NAR reported their September 2012 Existing Home Sales. Existing home sales decreased -1.7% from last month and inventories are down to a now tight 5.9 months of supply. Existing homes sales have increased 11.0% from a year ago. Volume was 4.75 million, annualized against August's revised up, from 4.82 to 4.83 million, annualized existing home sales.
Inventory decreased 3.3% or 2.32 million existing homes for sale. This is a 5.9 months supply and down 20.0% from a year ago.
The national median existing home sales price, all types, is up, now at $183,900, a 11.3% increase from a year ago. This is the 7th month in a row for price increases and hasn't happened since at the cusp of the housing bubble, 2005-2006. It's clear foreclosures, REOs are being held off of the market as well as down. Below is the breakdown by types of sales:
Distressed homes - foreclosures and short sales sold at deep discounts - accounted for 24 percent of September sales (13 percent were foreclosures and 11 percent were short sales), up from 22 percent in August; they were 30 percent in September 2011. Foreclosures sold for an average discount of 21 percent below market value in August, while short sales were discounted 13 percent.
According to NAR 30.7% of existing homes were on the market less than a month.
The median time on market was 70 days in September, unchanged from August, but down 30.7 percent from 101 days in September 2011. Thirty-two percent of homes sold in September were on the market for less than a month, while 19 percent were on the market for six months or longer.
Yet all cash sales, implying investors are still snatching up homes, are still high.
First-time buyers accounted for 32 percent of purchasers in September, compared with 31 percent in August; they were 32 percent in September 2011.
All-cash sales were at 28 percent of transactions in September, up from 27 percent in August; they were 30 percent in September 2011. Investors, who account for most cash sales, purchased 18 percent of homes in September, unchanged from August; they were 19 percent in September 2011
Realtytrac reported foreclosures were at a 5 year low in September.
Foreclosure filings — default notices, scheduled auctions and bank repossessions — were reported on 180,427 U.S. properties in September, a decrease of 7 percent from the previous month and down 16 percent from September 2011. September’s total was the lowest U.S. total since July 2007.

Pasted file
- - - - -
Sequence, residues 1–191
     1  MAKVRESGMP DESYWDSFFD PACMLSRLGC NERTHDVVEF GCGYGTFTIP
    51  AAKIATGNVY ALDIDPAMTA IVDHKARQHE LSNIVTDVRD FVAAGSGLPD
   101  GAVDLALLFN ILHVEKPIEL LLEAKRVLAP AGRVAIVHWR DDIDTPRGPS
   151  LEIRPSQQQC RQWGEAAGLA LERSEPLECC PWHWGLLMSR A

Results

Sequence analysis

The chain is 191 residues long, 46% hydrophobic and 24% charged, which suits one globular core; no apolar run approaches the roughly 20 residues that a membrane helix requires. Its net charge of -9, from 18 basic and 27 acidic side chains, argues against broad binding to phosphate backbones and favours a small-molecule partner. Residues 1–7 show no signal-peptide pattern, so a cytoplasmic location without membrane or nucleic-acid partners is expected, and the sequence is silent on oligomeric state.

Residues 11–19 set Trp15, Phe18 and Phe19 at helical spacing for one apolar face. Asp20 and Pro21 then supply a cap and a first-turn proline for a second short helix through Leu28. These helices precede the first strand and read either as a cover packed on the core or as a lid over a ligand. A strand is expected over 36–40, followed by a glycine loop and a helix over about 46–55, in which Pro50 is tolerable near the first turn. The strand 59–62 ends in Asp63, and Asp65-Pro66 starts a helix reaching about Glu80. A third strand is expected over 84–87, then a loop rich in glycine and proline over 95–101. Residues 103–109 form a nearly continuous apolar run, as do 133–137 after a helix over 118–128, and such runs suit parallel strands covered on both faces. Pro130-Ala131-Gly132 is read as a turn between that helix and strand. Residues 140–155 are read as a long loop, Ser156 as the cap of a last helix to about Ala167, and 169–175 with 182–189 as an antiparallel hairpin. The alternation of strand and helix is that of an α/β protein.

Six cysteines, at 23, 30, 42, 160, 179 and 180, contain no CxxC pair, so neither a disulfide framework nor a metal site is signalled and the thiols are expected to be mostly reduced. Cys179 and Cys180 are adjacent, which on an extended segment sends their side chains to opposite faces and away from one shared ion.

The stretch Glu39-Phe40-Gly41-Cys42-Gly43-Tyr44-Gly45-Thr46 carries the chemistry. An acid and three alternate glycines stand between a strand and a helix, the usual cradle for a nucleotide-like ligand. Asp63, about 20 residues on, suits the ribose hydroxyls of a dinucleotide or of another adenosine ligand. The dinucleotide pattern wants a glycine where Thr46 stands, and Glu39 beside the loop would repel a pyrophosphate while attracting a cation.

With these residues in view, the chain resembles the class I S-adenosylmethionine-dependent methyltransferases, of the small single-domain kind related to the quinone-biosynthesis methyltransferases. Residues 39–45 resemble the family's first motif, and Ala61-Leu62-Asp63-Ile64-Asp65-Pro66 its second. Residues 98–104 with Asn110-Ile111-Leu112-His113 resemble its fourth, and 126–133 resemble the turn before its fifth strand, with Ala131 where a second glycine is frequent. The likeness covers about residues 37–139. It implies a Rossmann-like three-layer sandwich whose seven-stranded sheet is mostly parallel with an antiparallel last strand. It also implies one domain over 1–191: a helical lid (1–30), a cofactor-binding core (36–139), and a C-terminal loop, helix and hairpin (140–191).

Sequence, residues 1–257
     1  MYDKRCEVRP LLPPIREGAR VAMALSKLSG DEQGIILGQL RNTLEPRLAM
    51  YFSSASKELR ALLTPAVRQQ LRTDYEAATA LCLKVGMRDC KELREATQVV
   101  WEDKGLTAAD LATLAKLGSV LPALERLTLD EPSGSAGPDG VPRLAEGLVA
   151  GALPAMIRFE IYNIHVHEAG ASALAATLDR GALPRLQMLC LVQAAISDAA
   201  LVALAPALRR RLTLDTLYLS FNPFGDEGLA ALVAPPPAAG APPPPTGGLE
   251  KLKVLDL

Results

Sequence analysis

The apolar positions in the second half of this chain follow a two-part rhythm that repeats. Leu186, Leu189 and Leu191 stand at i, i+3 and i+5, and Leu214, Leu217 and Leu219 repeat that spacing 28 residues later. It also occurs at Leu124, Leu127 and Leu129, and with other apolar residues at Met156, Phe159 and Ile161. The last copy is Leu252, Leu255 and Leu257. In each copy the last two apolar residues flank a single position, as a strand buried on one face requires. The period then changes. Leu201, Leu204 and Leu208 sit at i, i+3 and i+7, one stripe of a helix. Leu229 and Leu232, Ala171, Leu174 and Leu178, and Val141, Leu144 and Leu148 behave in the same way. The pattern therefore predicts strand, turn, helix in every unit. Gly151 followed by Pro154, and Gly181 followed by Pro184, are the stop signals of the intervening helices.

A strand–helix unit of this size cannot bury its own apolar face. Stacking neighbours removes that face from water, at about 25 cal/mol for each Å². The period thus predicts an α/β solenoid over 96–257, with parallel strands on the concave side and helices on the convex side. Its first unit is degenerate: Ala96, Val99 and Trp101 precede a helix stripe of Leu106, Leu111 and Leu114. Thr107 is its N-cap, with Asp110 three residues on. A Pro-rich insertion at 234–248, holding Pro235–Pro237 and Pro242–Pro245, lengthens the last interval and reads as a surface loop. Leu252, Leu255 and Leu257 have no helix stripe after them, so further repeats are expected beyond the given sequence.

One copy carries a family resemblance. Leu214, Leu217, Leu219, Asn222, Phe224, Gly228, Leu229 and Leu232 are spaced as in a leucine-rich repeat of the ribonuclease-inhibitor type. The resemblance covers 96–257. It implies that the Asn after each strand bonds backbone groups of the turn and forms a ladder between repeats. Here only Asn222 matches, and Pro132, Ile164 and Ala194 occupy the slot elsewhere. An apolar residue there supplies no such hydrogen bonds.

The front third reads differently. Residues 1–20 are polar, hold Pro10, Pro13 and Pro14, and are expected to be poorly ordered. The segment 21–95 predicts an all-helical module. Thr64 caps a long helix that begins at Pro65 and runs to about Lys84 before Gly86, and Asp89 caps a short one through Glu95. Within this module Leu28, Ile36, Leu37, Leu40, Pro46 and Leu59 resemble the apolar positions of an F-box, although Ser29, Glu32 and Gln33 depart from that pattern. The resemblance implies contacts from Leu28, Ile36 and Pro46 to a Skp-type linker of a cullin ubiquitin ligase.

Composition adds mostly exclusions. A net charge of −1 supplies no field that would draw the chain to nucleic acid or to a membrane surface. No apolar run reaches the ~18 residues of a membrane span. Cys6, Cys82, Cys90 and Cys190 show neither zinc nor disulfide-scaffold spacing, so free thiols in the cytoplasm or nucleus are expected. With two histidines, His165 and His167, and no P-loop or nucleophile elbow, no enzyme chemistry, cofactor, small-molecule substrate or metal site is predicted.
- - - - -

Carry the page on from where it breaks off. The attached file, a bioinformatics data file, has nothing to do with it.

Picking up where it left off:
Foreclosure filings were reported on 531,576 U.S. properties during the quarter, a decrease of 5 percent from the second quarter and a decrease of 13 percent from the third quarter of 2011 — the ninth consecutive quarter with an annual decrease in foreclosure activity. The report also shows one in every 248 U.S. housing units with a foreclosure filing during the quarter.
It's not that people got back on their feet and there are less people in trouble, losing their homes, it's more the various laws, delays and rulings on foreclosures that is causing the drop and this is clearly affecting existing home sales supply.
Days to foreclose at record 382 days, legislation extends process in some states U.S. properties foreclosed in the third quarter took an average of 382 days to complete the foreclosure process, up from 378 days in the previous quarter and up from 336 days in the third quarter of 2011. It was the highest average number of days to foreclose going back to the first quarter of 2007.
Yet contingent short sales, not part of existing home sales active listings, were up.
As a supplement to the report, RealtyTrac analyzed nationwide short sale transactions occurring on properties not yet in the foreclosure process and found that those increased 18 percent on a year-over-year basis for the period of January through May. These non-foreclosure short sales accounted for 14 percent of all sales during this time period, a bigger percentage than either pre-foreclosure sales or bank-owned sales.
Last month's existing home sales overview is here, unrevised.